attempt to cut their way through layers of military red tape they find that even though the Army agrees an incubator is a perfectly sensible piece of equipment for a M*A*S*H unit to possess, they can't have one because an incubator is not on the list of recommended supplies for a M*A*S*H unit, leaving them to resort to some less "official" means of obtaining their goal. (They finally get their incubator when Radar, the company clerk, surreptitiously swaps their commanding officer's barbeque for one.)
Most of us who have had to deal with the management of business budgets know that you often have to make do with whatever amount of money you're allotted, even if it's woefully inadequate for the job expected of you. You soon become an expert in finding all sorts of ways to pay Paul by robbing Peter: charging necessary expenses to different budgets (preferably someone else's), making deals, getting creative with expense reports, and doing whatever it takes to scrounge up the funds you need. If you desperately need to purchase a new photocopier because the old one is broken beyond repair, but you've already used up the entire year's office equipment budget, you claim it as a personnel expense and maintain with a straight face that yes, you did indeed hire a contractor by the name of Mr. Xerox.
So, you're the manager of a Wal-Mart store, and you need an American flag to display outside the store. Wal-Mart corporate may have assigned money (on paper) to your facilities budget for a flag (and Wal-Mart corporate assures us they do indeed
budget each store for such an expense), but maybe you already used up all the start-up funds allotted to you getting the store ready for its grand opening before you got around to purchasing a flag and pole. Or maybe you had a flag, but it got ruined; you need a new one, but you're already over budget. What do you do? Go without a flag? Purchase one, submit the expense, and hope you don't draw corporate censure for running over budget? Perhaps you take the path of least resistance and just go and pay for a new flag out of your own pocket (possibly even asking some of your employees to chip in).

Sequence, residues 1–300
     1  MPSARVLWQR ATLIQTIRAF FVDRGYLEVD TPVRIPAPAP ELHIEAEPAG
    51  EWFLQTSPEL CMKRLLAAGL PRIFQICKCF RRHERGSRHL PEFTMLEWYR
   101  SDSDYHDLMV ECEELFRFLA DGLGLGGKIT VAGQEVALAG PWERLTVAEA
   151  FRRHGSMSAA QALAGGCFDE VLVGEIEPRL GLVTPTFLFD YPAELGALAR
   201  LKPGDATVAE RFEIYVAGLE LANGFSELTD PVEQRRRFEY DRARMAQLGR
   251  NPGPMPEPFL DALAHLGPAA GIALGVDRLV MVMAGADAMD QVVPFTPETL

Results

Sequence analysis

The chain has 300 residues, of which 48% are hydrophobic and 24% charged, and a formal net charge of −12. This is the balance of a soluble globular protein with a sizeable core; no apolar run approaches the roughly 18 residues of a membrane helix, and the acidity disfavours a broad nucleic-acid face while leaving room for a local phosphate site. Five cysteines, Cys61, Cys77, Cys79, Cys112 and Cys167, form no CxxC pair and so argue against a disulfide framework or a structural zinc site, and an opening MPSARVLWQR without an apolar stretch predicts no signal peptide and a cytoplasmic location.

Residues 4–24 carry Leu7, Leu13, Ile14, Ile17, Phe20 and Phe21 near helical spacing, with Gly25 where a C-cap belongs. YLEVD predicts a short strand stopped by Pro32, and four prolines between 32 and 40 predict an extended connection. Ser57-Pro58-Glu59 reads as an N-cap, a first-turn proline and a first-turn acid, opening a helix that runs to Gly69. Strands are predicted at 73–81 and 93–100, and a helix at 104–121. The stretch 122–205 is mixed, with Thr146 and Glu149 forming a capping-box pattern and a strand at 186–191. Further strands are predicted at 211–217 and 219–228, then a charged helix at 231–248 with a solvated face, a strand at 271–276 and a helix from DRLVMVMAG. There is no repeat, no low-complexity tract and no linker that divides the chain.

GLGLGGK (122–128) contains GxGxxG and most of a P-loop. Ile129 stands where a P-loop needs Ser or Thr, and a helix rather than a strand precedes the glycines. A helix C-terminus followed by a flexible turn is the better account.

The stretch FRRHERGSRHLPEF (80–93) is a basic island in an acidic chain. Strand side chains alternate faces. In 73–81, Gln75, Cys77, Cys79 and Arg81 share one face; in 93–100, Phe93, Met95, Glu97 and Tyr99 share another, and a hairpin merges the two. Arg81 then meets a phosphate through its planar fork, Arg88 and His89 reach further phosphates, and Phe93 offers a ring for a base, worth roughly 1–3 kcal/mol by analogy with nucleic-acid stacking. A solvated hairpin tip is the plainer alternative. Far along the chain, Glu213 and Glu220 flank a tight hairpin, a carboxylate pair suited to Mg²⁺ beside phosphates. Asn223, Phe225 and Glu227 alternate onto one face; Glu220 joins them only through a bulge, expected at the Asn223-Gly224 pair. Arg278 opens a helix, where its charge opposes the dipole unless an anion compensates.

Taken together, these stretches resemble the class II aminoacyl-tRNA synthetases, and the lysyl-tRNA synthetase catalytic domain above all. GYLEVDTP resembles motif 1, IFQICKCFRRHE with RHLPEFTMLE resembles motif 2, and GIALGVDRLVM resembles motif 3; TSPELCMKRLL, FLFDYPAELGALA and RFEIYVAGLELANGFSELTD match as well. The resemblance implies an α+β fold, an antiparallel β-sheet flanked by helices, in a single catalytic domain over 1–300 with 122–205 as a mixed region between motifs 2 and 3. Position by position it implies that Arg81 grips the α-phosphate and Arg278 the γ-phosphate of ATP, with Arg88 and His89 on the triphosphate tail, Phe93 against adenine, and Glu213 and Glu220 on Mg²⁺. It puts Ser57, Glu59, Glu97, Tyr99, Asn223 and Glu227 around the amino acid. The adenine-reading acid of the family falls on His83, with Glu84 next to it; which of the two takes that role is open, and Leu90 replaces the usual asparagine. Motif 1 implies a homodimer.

Wal-Mart shares the enthusiasm of Americans everywhere for displaying the American flag. In fact, we display the flag at all Wal-Mart stores and Supercenters. While some of our stores are equipped to fly the flag outside on flagpoles, others display the flag inside, usually in the front of our stores. In every instance, the flag has been purchased by Wal-Mart out of the local store's operating budget. Wal-Mart is proud of our American heritage and the things our associates and customers do every day to support this great country.
So, if this piece isn't a complete work of fiction, it sounds like the writer grossly misunderstood what she was told. Yes, Wal-Mart stores get money for flags, but managers often have to perform juggling acts with their budgets, and funds don't always end up being used for their specifically allocated purposes. If you're a store manager and your store needs six things (including a flag), but the cost of those six things (which all come out of the same budget) exceeds the monies available to you, you have to decide which one(s) you're going to do without. You don't have to take up a collection amongst your employees to buy a flag, but you might decide it's better to do that than to skip on lights for the exterior sign or painting lines in the parking lot. Certainly your workers are more likely (out of pride) to chip in for an American flag than they are for, say, new mops and brooms. It's not hard to see how someone might misinterpret an explanation of the sometimes difficult trade-offs managers have to make to mean "They have to get their employees to pay for this stuff or do without!"